General Manners at Japanese Shinto Shrines | Guidable - Your Guide to a Sustainable, Wellbeing-centred Life in Japan

General Manners at Japanese Shinto Shrines

By Guidable Writers Jun 26, 2017

Shinto Shrine is a structure to house Gods and ancestors. Thus, visiting the Shinto shrine is a ceremony to worship the Gods. Also, Japanese people believe that Shinto shrine is a place for purification, so another purpose for visiting Shinto shrine is to pray for good luck.


Typical Objects at a Shinto shrine

At Shinto Shrines, the following objects and structures can often be seen.



Torii is a traditional Japanese gate, which is known as the entrance of a Shinto shrine. The main function of Torii is to mark the space between the sacred and the profane. So it is the simplest way to distinguish Shinto shrines from Buddhist temples. Torii is traditionally made of wood or stone, but nowadays many of them are also made of reinforced concrete, steel and other materials. The most common colors of the Torii are orange and black.



Lion-dog, which is also referred to as Komainu in Japanese, is a pair of lion-like guardians. They can be usually found on each side of the entrance or inner shrine. However, the guardians are not limited to lions or dogs. In fact, the most famous kind of Komainu is fox, which is the symbol of Inari Shrines.



Ema is a small wooden plates which shrine visitors usually write their prayers and wishes on. Visitors will hang it up at a particular place in the shrine, waiting for the Gods to realize their hopes. A large number people come to Shinto shrine to pray for health, business, love as well as a baby.


General manners

According to the shrines, the manners may be a little bit different. Here I will introduce the general manners of visiting the shrines.

 In front of Torii

Since the inside of Torii is regarded as the holly place where the enshrined Gods live, therefore, before we go through the Torii, we should show respect to the enshrined Gods. There are several points we should pay attention to. First, we should stop in front of the Torii, make ourselves tidy and have the hat off. Then, we should make a slight bow religiously.

 Pass through the shrine

When we walk into the shrine, bear in mind that we should walk down the way slowly on the side. Generally Speaking, we usually walk on the left side. Only the Gods as well as the priests, who sever the Gods, are able to walk in the middle of the way.

 Water place- Temizuya

After we go through the Torii, we will then get to the water place, which is referred to as Temizuya in Japanese. This is a place for us to clean our body and mind before we visit the Gods. After the ceremonial purification, we can visit the Gods in a pure condition.

The purification procedure involves the following steps.

First, please hold a scoop by the right hand, scoop water and then purify the left hand. Second, switch the scoop to the left hand, scoop water, and then wash the right hand. Third, switch the scoop back to the right hand, scoop water, pour water on the left hand, and then wash the mouth by water poured on the left hand. Please pay attention that we should not wash the mouth directly from the scoop. Also, we should not drink the mouthwash. Finally, purify the left hand by water, stand the scoop in front of the chest, purify the handle of the scoop by running water and then put the scoop down.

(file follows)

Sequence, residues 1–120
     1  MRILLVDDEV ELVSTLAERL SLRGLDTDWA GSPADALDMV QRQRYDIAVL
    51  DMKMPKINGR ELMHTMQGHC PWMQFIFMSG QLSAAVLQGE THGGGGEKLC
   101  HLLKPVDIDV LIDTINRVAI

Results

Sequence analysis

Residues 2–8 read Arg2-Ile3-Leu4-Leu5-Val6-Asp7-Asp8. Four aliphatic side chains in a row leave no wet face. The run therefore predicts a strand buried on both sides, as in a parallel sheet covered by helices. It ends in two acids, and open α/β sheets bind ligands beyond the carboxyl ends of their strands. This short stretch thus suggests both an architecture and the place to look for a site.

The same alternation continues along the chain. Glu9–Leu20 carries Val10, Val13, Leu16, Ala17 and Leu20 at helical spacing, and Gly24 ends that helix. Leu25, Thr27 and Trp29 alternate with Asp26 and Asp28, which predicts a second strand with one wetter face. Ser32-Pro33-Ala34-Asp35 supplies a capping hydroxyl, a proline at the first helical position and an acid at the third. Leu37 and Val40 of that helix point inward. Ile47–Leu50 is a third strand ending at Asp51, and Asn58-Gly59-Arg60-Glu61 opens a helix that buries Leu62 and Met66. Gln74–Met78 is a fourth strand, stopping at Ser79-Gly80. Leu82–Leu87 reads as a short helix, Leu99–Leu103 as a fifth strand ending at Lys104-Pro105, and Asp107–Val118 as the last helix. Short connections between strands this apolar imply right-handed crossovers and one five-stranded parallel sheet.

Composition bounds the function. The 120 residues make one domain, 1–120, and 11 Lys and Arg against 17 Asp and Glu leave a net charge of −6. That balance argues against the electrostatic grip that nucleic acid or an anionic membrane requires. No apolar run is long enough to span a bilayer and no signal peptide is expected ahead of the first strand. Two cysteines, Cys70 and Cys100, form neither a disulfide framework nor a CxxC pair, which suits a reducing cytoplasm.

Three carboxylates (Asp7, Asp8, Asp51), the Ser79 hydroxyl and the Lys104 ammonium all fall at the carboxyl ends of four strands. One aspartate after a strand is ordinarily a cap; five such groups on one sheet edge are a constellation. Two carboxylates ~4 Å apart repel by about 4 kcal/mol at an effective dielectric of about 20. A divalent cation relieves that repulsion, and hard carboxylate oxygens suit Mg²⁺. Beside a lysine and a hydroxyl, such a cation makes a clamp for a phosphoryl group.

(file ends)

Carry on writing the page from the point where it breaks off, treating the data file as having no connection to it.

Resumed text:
Pray hall- Haiden

After the cleaning, we will head to the worship hall, which is referred to as Haiden in Japanese. As I have mentioned earlier, please confirm that the hat has been put off. Also, you are not allowed to walk in the middle of the way.

When we get in front of the worship hall, we should bow to the Haiden. If there is a bell in the hall, then please ring the bell. Japanese people believe that the sound has great power. Ringing the bell will help them to exorcise the ghosts and purify themselves. Also, they believe that the sound of the ringing bell will call the God into the shrine. Therefore, before we step into the hall, we should ring the bell.

After that, we can head to the offertory box and then make the money offering. Making money offering has a special meaning. It shows our intention to abandon the material desires and pursue the unselfishness. Usually, there is no specific amount of money that you should throw. However, as to the Japanese people, they usually throw 5 yen coins. It is because “5 yen” has the same pronunciation as “ご縁” in Japanese, which means good luck. Thus, you can often see Japanese people collect 5 yen coins in order to pray for good luck.

After the money offering, we should move back to the front of the hall, deeply bow two times with the respect to the Gods. After that, put the hands together in front of the chest, slightly slide the right hand backward, and then clap the hands twice with beautiful sound. After clapping the hands, slightly slide the right hand back, pray to the God and put the hands down. The movement of sliding hands means that the God and us have not been integrated into one. After we clapping two times, the God has been called to come into our body. Sliding the hand back means that the God and us have become one flesh. At that time what we have prayed is likely to realize since it has the power of God.

Finally, deeply bow to the hall, step back, slightly bow again, and then leave the hall.


Before we leave

When we leave the shrine, we will also pass through the Torii. Also, just as we enter the shrine, we should walk on the left side of the way silently to the entrance. And when we go through the Torii, stop, turn around and do a slight bow facing the shrine in order to show the respect to the Gods.

The above is all the manners we should remember when visiting Shinto shrines. Don’t forget them, and enjoy the time at Shinto shrines!